Follow us:

Northwest Voices

Seattle Times letters to the editor

October 18, 2008 at 4:08 PM

Presidential politics

AP Photo/Jae C. Hong

Democratic presidential candidate, Sen. Barack Obama, D-Ill., left, answers a question from plumber Joe Wurzelbacher in Holland, Ohio, Oct. 12.

Christian, Catholic or vegetarian;

Keep it to yourself

Editor, The Times:

I was wondering if anyone else watching the debate Wednesday evening felt their blood pressure rise when Sen. John McCain began to talk about his anti-abortion stance [“Accusations fly in final debate,” Times, page one, Oct. 16].

Since he is not a woman, and could be in a position to influence women all over the nation, I feel it’s inappropriate and very disturbing to hear him counsel on how “he will work it out” on finding a family for the child that you or I will carry for nine months.

Like many other individual personal and physical decisions for women and men, I would hope that people who are anti-abortion would keep this to themselves.

I would never begin to pretend that I understand the physical needs of a stranger.

So if you are a Christian, Catholic or vegetarian, these are your beliefs. That’s great. Apply your beliefs to your body not mine.

Our bodies are not a shared national resource.

McCain, I am 100 percent certain that should you make it to the oval office, you are not qualified to make decisions about my body.

This is not debatable.

— Karen Quarre, Woodinville

Freedom in opportunity

I’m writing this letter to ask that you support Sen. John McCain when you vote this year. McCain is what this country needs in a president.

He has the experiences of a lifetime to face reforms we need today. I am sure he will see us through the hardships that are coming our way.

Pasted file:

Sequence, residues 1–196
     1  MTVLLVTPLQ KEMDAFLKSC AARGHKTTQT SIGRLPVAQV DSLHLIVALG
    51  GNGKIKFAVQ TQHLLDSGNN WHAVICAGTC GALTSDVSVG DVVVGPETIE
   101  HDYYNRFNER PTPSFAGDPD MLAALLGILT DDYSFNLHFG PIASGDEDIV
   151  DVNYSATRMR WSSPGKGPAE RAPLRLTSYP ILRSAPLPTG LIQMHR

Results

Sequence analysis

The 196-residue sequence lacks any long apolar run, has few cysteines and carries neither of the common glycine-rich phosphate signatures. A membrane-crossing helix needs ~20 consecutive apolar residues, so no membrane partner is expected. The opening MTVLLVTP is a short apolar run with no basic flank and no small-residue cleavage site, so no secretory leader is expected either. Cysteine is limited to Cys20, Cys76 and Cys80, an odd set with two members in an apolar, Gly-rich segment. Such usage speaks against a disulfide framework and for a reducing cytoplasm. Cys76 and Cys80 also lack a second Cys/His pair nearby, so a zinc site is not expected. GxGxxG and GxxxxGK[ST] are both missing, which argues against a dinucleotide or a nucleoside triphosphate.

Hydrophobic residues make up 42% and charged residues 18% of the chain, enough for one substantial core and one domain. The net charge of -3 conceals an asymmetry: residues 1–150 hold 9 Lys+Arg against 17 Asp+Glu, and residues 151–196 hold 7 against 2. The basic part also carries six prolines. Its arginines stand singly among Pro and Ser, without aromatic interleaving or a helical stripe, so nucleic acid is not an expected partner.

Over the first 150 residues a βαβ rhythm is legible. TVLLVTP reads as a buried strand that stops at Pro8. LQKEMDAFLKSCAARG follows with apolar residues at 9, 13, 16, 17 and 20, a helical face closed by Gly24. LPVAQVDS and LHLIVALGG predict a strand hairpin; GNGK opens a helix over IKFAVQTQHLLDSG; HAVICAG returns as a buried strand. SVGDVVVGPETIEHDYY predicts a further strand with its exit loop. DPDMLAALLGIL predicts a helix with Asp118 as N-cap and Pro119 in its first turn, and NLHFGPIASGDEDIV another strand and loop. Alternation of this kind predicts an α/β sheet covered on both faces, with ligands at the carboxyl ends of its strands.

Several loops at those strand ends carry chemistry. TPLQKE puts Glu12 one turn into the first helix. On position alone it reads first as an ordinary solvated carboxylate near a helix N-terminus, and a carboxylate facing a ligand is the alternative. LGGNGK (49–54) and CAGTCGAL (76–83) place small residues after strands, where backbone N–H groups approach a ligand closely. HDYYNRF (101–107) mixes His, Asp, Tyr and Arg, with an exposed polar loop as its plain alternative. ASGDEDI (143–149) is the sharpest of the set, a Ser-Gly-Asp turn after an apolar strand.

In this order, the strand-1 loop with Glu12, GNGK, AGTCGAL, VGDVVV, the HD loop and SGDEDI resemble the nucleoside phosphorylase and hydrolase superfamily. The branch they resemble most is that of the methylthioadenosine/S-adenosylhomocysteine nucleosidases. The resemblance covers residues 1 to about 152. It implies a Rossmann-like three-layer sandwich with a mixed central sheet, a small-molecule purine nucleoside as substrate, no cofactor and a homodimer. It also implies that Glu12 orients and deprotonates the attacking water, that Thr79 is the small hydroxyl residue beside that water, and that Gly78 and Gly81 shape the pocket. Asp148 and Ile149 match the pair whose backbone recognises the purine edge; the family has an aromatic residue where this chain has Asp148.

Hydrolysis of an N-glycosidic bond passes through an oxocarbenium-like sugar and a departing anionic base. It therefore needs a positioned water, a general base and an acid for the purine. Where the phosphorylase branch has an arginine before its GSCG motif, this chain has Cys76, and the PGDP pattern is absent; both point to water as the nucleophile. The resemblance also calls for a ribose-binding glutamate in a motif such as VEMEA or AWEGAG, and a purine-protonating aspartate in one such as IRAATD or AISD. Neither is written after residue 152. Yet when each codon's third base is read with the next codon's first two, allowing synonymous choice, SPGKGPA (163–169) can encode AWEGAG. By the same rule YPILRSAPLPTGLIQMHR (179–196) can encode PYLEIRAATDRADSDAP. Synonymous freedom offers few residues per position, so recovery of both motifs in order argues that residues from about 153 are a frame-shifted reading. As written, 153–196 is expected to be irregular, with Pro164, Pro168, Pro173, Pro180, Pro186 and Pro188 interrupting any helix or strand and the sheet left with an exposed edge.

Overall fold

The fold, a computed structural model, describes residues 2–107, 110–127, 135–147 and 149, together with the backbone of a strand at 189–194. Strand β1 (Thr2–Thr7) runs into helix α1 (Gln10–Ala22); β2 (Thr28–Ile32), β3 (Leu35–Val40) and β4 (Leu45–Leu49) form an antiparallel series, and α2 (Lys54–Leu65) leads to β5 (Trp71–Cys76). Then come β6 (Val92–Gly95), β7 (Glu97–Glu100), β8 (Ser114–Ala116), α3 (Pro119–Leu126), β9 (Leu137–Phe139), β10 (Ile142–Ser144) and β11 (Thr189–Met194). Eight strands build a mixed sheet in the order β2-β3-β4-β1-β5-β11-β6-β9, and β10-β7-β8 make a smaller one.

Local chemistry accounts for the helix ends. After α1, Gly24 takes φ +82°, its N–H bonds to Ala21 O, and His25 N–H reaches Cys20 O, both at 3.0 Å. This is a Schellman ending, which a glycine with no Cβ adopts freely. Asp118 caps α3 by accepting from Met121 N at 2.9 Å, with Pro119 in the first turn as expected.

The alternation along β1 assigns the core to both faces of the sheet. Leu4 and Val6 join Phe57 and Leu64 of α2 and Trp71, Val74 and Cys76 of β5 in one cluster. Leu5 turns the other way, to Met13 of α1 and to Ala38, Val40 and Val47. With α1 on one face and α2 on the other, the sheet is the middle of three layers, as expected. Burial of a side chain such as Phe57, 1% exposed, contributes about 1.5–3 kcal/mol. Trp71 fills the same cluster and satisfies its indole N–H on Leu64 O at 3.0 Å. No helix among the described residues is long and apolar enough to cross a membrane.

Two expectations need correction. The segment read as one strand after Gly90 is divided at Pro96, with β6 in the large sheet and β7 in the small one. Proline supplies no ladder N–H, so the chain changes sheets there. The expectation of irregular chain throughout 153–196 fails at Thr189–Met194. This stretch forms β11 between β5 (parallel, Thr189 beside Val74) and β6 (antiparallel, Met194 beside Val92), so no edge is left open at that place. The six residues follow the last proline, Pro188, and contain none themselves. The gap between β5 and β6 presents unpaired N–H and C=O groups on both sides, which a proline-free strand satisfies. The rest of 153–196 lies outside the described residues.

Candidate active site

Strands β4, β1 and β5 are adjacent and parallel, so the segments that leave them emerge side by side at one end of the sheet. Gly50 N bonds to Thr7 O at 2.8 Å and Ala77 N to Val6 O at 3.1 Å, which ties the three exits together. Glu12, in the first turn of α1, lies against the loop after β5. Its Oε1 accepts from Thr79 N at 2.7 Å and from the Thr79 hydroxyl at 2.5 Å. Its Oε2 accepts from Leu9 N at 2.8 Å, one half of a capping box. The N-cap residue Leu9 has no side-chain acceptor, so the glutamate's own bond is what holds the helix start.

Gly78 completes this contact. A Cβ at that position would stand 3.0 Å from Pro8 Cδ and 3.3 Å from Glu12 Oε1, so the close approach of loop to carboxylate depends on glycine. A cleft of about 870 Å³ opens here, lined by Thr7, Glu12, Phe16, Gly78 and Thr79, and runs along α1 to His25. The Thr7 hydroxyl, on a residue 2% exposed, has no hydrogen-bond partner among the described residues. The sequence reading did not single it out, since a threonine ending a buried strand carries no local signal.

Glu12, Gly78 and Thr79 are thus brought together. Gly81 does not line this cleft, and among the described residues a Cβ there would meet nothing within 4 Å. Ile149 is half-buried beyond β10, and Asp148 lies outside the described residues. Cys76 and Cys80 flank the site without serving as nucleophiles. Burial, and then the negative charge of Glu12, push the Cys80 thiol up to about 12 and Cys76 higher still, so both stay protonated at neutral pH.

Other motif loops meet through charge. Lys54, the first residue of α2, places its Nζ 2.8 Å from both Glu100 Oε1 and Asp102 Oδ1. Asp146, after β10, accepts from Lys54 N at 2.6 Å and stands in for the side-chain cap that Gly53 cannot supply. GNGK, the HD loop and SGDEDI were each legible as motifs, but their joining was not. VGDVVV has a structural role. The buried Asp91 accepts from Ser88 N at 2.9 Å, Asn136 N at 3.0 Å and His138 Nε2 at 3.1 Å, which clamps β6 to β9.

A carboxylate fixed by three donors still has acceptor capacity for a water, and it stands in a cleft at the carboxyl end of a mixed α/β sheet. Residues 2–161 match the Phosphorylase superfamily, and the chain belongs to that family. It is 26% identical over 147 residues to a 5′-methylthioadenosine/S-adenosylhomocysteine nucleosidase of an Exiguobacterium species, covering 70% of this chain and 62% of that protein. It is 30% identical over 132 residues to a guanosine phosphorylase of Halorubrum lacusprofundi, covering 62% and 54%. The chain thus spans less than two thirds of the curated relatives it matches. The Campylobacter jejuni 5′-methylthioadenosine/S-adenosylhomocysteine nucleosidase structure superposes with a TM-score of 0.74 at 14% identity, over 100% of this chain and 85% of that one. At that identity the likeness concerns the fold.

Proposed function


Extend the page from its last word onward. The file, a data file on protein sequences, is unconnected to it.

We all must work together to get through the Wall Street bailout and again become a productive nation. It’s time to work as a team regardless of the party we support. America has been in crisis for the last few years; we have failed to resolve the issues we face because of party politics and the inability to trust who we are as a nation.

We failed to correct the Social Security crisis, transportation issues and the security of a nation that is at war.

Our children face even more issues related to the failure of Congress to address the need to build a nation that is true to its people and it’s history — not just a community of do-good policies that fail to address the true meaning of reform that unites us.

This is no time to continue playing the blame games and failing to follow up on what needs to be done.

We become a nation that supports a culture of death, that lacks the ability to support the meaning of protecting life.

Our health-care system is more about management of the crisis with respect to access to care rather than treating one’s health problems.

Our doctors have been forced to limit how they provide access to care and are more managers of wellness than advocates in treatment. Our education system is divided and only supports the smartest rather than building equality. Our children face a nation at risk that lacks true leadership to resolve the crises we find ourselves in today.

They are being told that it’s time not to address the issues, but also to only look for what feels right. Reform is not just about hope or change for the sake changing. To continue on this road is surely going to lead us to no more than a misdirected path of continued failures and hopeless policies.

It’s time for reform that brings us together and also respects life and the true meaning of freedom in opportunity.

— Gregory Lemke, Arlington

Poor Joe

Let me get this straight. An honest and hardworking single parent asks a legitimate question during a campaign rally [“Joe the plumber’s story isn’t watertight,” News, Oct. 17].

It is the telling answer by the candidate that is repeated and analyzed by the other party and affiliated blogs, yet the media swoops down on the man, ridicules him nationwide, publicly reveals his financial affairs and ultimately threatens his job — all because he believes that hard work should be rewarded, not punished by higher taxes.

A sad day indeed.

–Edda Kuhlmann, Bellevue

Not another maverick, please

The debates are over. Now comes the solemn responsibility of every voter, to elect the next president and vice president of the U.S.

We must consider what we have seen and heard during the campaigns. Sen. Barack Obama has been calm and has presented a cogent message at each debate.

Unfortunately, Sen. John McCain seemed to exhibit a different aspect of his personality at each debate.